Getting health coverage outside Open Enrollment

Enroll in or change 2016 plans with a Special Enrollment Period

Since the 2016 Open Enrollment Period is over, you can now enroll in or change health insurance plans for the rest of 2016 only if you have a life event — like having a baby, losing other health coverage, or getting married — that qualifies you for a Special Enrollment Period.

See if you qualify for a 2016 Special Enrollment Period

Answer a few questions to find out if you can enroll in or change a plan for the rest of 2016. If you know you qualify, you can create an account or log in now.



If you don’t qualify for a Special Enrollment Period, you can apply for a 2017 health plan right now. If you have a 2016 plan, you can change it to any 2017 plan available to you. 2017 coverage can start as soon as January 1, 2017. Create an account to apply for 2017 coverage.

Changes that qualify for a Special Enrollment Period

Loss of health insurance

You may qualify for a Special Enrollment Period if you or anyone in your household lost qualifying health coverage in the past 60 days OR expects to lose coverage in the next 60 days. Coverage losses that may qualify you for a Special Enrollment Period:

Losing job-based coverage

You may qualify for a Special Enrollment Period if you lose health coverage through your employer or the employer of a family member, including if:

  • Your employer stops offering coverage.
  • You leave a job where you had health coverage (even if you left your job by choice or were fired).
  • You have a reduction in work hours that causes you to lose your job-based plan.
  • Your job-based plan doesn’t offer qualifying health coverage and as a result you become newly eligible for a premium tax credit. Most job-based plans count as qualifying health coverage. To find out if your employer’s coverage meets the standards, ask your employer to complete the Employer Coverage Tool (PDF).)
  • Your job-based health plan is ending for the year and you choose not to renew it. Note: If the plan is affordable and meets minimum value standards, you can buy Marketplace insurance but won’t qualify for a premium tax credit or other savings.
  • Your former employer stops contributing to your retirement coverage, requiring you to pay full cost.

Note: You DON’T qualify for a Special Enrollment Period if:

  • You voluntarily drop your job-based coverage during your coverage year while still working for your employer.
  • You lose your job-based coverage because you didn’t pay your premium.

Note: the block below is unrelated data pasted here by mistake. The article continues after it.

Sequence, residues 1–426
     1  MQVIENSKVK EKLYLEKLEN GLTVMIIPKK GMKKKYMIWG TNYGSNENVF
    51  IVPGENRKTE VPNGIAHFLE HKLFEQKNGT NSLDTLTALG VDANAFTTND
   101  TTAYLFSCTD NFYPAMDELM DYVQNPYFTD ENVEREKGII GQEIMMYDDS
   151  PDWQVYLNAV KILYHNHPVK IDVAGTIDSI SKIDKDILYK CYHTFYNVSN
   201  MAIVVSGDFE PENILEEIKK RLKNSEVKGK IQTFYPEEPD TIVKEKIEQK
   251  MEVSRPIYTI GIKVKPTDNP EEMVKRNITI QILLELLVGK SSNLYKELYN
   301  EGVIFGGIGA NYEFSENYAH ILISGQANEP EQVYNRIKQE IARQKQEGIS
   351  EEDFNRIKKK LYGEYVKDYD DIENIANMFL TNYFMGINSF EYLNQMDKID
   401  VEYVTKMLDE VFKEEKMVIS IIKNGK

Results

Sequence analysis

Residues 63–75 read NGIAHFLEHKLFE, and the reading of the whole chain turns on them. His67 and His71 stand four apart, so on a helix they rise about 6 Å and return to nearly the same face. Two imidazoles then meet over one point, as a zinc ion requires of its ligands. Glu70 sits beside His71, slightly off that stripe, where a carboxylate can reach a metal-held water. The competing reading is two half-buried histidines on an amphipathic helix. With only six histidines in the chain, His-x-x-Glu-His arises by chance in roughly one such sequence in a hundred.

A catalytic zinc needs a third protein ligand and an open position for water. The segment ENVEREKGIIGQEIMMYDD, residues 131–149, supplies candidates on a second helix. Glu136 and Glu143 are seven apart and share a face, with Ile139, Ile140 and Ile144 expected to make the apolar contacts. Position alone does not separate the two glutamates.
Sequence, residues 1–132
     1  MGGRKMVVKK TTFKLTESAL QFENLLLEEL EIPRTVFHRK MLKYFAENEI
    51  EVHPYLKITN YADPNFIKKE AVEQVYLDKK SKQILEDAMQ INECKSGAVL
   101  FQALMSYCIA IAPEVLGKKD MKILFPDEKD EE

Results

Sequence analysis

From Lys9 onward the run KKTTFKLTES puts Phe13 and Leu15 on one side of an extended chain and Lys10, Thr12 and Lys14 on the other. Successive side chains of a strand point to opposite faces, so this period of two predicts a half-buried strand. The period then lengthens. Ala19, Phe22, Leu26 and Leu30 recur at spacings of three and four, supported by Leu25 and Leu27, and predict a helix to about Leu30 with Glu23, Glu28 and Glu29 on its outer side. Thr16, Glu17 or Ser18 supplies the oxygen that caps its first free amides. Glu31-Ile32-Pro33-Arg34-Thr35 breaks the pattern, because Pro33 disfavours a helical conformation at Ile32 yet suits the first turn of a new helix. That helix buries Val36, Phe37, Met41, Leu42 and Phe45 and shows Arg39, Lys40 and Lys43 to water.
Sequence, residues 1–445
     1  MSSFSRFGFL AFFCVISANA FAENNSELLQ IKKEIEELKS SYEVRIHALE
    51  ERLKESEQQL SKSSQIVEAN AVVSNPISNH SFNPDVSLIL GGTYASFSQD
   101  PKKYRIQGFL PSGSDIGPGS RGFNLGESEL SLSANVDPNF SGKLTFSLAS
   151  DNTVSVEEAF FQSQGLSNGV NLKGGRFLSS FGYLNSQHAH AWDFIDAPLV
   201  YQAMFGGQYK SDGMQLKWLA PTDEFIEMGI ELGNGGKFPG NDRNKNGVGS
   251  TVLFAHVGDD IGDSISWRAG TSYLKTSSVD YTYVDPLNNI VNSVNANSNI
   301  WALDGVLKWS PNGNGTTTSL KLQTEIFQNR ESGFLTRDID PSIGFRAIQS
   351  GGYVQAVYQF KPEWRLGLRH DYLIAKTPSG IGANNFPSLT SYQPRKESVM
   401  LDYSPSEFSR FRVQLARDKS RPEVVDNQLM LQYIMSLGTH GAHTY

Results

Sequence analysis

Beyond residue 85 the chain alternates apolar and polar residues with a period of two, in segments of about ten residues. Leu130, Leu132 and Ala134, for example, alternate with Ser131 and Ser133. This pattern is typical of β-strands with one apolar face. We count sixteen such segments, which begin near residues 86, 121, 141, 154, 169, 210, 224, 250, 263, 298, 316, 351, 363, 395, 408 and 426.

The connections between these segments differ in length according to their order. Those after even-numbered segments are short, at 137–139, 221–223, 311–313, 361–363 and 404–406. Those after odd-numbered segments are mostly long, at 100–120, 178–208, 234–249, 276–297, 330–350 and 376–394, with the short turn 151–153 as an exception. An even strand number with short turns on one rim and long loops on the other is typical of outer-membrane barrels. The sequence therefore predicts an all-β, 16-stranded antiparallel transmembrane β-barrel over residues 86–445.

Losing COBRA coverage

Some special rules apply if you’re losing COBRA continuation coverage.

You DO qualify for a Special Enrollment Period if:

  • Your COBRA coverage runs out.
  • Your former employer stops contributing to your COBRA coverage, requiring you to pay the full cost.

You DON’T qualify for a Special Enrollment Period if:

  • You decide to end COBRA early (and are paying the full cost yourself).
  • You lose your COBRA coverage because you didn’t pay your premiums.

Note: You don’t need a Special Enrollment Period if you voluntarily end COBRA early during a Marketplace Open Enrollment Period. You can drop your COBRA plan enroll in a Marketplace plan at that time.

Losing individual health coverage for a plan or policy you bought yourself

You may qualify for a Special Enrollment Period if you lose individual health coverage, including if:

  • Your individual plan or your Marketplace plan is discontinued (no longer exists).
  • You lose eligibility for a student health plan.
  • You lose eligibility for a plan because you no longer live in the plan’s service area.
  • Your individual or group health plan coverage year is ending in the middle of the calendar year and you choose not to renew it.

Important: Losing individual coverage doesn’t allow you to qualify for a Special Enrollment Period if you voluntarily drop coverage, if you lose coverage because you didn’t pay your premiums, or if you lose Marketplace coverage because you didn’t provide required documentation to the Marketplace when we asked for more information.

Losing eligibility for Medicaid or CHIP

You may qualify for a Special Enrollment Period if you lose Medicaid or the Children’s Health Insurance Program (CHIP) because:

  • You lose your eligibility. For example, you may have a change in household income that makes you ineligible for Medicaid, or you may become ineligible for pregnancy-related or medically needy Medicaid.
  • Your child ages off CHIP.
Losing eligibility for Medicare